The price of vinyl

So, as I continue to explore my boxes of vinyl in the loft, I think it would be nice to have some more up to date records to listen to and write about. Most of my collection stops around 1992 after the purchase of my first CD player and this means that there’s a lot of really great albums I own which I can’t really write about. DJ Shadow, Blur, The Beatles, Orbital et al all only exist on cd in my world.

That in mind I’ve been looking at how much new(ish) vinyl costs. And I’m astounded. It’s become a rich man’s play thing. The new Bowie album will cost £23 when it’s released (fittingly on April Fool’s Day). The Beatles stereo remasters are £20-£30 a pop, or £350 as a box set. Suede’s new one? £16 please.

Aside from its place in DJ’s flight case all these years, we’ve seen a complete reversal of the vinyl / cd relationship. Where once vinyl was the inferior option and priced accordingly, it’s now become the connoisseur’s choice. It’s a luxury item. A fetish.

Has the quality improved? Well, vinyl was so flimsy in the ’90’s was bordering on flexi disc quality and 180g vinyl certainly feels more robust. But judging from some of the Amazon reviews of the Beatles vinyl I’m not so sure.

And anyone wanting to “get into” vinyl (I’m thinking anyone under the age of 35 here) also faces quite an investment in the equipment to get them started. Unless you’re happy picking up a cheap deck from Maplins then you are looking at the thick end of £500 for a cheap, half decent deck and amp. Oh and you shouldn’t forget speakers….. That new iPod Touch & dock looks quite tempting now, doesn’t it?

One band veering toward a sensible approach is My Bloody Valentine. Their surprise release of mbv earlier this year gave fans plenty of options including download, cd and of course 180g vinyl. Buyers (like me) of the vinyl option were also given a cd version and a download (with a choice of bitrates and file formats) as part of the package, all for £18. I was effectively paying only five quid more to have the vinyl edition, one which was also a true analogue cut (I’ll be honest, I can’t tell the difference).

So what have I learned? A few things, really.
1) I was very glad I clung on to my ageing record deck
2) Buying new vinyl is a bit of a mug’s game.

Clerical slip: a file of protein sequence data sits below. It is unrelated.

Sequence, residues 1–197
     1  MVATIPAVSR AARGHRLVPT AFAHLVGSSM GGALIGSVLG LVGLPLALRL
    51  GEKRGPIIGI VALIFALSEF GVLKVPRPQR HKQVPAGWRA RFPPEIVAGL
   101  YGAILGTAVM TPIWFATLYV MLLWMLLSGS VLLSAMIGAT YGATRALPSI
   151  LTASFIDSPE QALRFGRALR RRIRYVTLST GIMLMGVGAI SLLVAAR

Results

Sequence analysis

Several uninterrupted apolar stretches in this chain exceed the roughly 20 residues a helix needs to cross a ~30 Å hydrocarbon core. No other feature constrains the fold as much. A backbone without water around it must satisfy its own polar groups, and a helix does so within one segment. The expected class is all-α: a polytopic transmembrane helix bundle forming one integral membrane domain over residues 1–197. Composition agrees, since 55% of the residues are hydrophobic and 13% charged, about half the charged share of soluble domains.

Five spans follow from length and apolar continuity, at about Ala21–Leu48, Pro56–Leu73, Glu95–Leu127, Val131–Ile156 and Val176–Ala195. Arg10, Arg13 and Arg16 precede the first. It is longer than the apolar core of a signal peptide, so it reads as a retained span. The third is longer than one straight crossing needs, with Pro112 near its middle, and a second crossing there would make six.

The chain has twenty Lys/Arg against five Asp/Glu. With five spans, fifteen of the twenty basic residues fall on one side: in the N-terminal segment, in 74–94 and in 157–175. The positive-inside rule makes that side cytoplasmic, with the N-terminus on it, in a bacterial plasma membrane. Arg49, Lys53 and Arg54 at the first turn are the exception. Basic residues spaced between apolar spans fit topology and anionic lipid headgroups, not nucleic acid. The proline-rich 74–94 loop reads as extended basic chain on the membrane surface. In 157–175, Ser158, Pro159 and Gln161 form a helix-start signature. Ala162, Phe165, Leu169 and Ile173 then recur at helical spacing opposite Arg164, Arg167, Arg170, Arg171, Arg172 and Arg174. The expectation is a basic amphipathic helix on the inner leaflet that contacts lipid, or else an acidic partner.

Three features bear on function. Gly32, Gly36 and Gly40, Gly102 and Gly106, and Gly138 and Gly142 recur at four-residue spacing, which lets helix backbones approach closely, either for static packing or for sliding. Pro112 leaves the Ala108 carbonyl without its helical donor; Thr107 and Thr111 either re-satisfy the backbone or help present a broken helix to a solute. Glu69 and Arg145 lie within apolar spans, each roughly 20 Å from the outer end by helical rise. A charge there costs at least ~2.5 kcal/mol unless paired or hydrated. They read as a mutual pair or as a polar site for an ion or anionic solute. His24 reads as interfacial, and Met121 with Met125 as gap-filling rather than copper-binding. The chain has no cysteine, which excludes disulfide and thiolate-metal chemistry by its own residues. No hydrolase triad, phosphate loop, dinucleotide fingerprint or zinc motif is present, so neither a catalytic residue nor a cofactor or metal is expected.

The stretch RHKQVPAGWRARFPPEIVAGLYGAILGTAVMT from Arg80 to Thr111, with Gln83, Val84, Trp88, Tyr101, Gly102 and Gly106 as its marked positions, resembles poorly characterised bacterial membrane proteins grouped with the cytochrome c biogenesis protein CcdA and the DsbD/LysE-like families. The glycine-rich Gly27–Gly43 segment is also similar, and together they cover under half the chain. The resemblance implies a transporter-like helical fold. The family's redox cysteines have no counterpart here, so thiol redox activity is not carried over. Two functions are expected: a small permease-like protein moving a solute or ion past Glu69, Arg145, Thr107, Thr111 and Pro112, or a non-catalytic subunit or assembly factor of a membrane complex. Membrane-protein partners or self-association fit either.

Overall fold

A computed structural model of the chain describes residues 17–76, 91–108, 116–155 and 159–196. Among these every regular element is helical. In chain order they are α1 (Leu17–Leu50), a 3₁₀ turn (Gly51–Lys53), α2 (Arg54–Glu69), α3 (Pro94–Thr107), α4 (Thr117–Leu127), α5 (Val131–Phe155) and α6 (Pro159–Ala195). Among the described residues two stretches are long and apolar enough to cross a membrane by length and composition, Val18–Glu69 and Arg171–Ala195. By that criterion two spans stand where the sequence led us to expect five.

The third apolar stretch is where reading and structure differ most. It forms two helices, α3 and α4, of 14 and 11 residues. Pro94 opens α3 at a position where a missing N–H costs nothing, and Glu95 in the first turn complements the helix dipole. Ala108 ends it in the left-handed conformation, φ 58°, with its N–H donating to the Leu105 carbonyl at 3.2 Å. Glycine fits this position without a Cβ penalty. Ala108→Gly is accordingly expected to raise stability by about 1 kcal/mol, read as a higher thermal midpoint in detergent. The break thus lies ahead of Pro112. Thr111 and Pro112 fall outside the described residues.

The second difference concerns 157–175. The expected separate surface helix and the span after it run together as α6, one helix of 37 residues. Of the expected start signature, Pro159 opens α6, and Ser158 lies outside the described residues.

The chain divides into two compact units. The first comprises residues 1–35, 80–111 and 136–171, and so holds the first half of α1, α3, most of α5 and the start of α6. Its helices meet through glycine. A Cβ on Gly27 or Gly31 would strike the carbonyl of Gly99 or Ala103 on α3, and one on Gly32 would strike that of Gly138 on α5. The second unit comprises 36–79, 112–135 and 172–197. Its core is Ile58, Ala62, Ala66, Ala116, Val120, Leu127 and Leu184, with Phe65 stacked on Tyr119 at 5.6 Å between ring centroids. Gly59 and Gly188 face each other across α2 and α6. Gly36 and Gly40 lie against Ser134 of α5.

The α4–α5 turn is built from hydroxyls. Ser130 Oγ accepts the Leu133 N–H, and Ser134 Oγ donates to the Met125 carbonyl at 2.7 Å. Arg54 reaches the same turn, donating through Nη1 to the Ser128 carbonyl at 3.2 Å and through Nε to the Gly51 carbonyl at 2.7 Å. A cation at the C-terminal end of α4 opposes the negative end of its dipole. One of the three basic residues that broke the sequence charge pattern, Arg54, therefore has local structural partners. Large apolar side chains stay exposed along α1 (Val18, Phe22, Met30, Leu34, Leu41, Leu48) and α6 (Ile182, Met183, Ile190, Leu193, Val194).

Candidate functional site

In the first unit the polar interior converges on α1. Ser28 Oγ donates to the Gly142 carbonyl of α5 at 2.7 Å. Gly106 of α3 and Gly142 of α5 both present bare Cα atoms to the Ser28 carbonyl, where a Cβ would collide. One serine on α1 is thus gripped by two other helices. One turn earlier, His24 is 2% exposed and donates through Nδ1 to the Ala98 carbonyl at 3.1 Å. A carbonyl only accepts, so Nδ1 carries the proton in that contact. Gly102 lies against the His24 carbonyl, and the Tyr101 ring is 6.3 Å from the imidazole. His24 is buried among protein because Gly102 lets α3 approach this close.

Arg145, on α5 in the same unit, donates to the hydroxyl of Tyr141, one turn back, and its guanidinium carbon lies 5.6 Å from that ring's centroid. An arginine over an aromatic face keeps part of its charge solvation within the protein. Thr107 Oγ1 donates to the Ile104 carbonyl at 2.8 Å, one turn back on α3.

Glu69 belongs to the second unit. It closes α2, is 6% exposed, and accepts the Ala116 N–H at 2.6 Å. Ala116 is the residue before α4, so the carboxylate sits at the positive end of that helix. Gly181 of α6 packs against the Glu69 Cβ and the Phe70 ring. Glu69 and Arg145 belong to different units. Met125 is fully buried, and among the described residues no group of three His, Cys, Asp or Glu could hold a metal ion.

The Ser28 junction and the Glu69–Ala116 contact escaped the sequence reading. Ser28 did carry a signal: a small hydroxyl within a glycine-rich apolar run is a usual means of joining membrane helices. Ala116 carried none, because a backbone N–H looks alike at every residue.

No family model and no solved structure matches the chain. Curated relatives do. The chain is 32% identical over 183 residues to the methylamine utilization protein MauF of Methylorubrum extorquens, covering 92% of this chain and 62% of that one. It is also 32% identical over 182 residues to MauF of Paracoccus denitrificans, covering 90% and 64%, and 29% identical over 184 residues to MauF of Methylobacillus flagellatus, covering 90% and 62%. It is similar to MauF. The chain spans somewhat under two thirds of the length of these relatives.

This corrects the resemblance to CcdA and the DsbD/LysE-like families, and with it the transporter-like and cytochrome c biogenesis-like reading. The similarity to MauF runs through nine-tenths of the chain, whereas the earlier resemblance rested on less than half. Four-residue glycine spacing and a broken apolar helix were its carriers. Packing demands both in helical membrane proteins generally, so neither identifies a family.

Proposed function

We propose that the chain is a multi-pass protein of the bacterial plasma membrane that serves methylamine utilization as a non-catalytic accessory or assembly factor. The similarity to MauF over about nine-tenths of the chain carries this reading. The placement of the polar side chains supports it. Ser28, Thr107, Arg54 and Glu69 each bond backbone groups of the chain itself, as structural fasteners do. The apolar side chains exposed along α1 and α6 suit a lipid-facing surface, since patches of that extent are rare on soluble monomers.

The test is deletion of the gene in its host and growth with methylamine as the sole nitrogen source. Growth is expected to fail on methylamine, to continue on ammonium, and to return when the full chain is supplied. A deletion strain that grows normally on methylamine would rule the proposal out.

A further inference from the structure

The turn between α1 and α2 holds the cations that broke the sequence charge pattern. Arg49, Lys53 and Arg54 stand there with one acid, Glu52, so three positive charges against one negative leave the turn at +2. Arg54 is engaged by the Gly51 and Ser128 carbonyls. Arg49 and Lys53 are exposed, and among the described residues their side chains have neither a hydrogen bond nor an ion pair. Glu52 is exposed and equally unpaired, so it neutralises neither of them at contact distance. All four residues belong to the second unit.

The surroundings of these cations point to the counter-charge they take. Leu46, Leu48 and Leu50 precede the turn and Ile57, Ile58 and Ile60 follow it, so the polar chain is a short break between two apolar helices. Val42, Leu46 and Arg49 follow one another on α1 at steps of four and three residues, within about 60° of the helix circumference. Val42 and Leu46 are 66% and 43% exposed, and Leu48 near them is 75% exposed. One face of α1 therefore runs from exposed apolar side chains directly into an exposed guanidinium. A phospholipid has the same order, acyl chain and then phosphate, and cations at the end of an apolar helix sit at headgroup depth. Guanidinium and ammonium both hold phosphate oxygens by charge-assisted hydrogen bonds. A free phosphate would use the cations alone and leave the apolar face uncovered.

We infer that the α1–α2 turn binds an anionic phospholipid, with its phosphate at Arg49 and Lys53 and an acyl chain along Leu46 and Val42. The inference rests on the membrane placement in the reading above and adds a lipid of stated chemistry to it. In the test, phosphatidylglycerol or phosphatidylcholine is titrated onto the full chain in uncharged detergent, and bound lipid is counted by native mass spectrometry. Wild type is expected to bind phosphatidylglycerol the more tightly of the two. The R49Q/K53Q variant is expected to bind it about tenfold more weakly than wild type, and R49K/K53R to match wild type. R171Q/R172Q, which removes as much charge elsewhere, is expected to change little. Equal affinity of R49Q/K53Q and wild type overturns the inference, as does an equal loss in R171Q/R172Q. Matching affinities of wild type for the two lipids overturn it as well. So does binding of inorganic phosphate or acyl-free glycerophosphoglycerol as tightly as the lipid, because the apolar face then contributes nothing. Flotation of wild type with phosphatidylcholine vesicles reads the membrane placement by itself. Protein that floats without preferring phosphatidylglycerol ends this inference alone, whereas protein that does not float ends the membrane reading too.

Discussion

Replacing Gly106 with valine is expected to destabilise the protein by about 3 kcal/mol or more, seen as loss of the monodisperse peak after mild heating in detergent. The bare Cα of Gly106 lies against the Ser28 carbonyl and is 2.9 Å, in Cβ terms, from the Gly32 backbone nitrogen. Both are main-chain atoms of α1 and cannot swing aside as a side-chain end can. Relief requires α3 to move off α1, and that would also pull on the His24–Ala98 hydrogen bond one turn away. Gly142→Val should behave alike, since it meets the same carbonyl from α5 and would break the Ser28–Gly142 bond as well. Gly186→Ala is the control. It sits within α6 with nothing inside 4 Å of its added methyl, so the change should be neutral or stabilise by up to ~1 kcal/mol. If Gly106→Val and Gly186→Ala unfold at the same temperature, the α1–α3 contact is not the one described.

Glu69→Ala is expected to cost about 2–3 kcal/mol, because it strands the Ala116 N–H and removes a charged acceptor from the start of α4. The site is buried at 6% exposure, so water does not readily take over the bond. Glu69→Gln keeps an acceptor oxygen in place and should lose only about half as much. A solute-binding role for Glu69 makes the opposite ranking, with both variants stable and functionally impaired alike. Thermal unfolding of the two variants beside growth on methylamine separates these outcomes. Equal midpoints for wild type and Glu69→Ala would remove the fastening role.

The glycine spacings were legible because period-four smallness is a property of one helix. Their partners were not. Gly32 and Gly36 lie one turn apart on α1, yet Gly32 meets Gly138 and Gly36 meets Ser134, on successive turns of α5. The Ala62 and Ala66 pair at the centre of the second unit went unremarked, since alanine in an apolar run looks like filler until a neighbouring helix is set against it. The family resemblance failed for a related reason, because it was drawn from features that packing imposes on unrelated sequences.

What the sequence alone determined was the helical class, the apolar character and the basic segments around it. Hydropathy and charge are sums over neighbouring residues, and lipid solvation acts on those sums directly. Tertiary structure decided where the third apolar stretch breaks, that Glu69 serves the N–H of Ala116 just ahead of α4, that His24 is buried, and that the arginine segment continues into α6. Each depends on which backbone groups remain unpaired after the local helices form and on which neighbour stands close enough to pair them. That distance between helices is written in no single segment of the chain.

3) Buying old vinyl is not far off the same nowadays.
4) You might wait 21 years for a My Bloody Valentine album but at least you don’t get screwed over when it arrives.
5) Charity shops are where Johnny Hates Jazz albums go to die.
6) Oxfam know exactly what they are doing.


4 thoughts on “The price of vinyl

  1. This is a really interesting post. I didn’t cling on to my deck – but a Rega costs £235 for a basic model. I’ll be using an amp that I did have in the loft, and will buy a second hand set of speakers to complete the set for less than £300.
    Buying new vinyl is fun if you can get the band to sign it at events (I have a signed Suede album from Rough Trade) which makes up for the higher price. For used vinyl, you have to be picky – and search hard at record fairs to get good prices.
    Good post – thanks.

    • Thanks for the feedback, much appreciated. In this age of austerity I think second hand or make do and mend is the way, definitely. I have plugged my 25 yr old Technics deck (part of an old midi hifi) into my home cinema via a cheap Maplin pre-amp. Total cost has been about £50 including a new stylus. The sound has been ok given the small outlay but I long to put together a proper system again. Space and cash limit what I can do there so I’ll get the most out of what I’ve got and hunt for the bargains like you suggest.

  2. Pingback: The Breeders – Head to Toe (1994) | Record at Random

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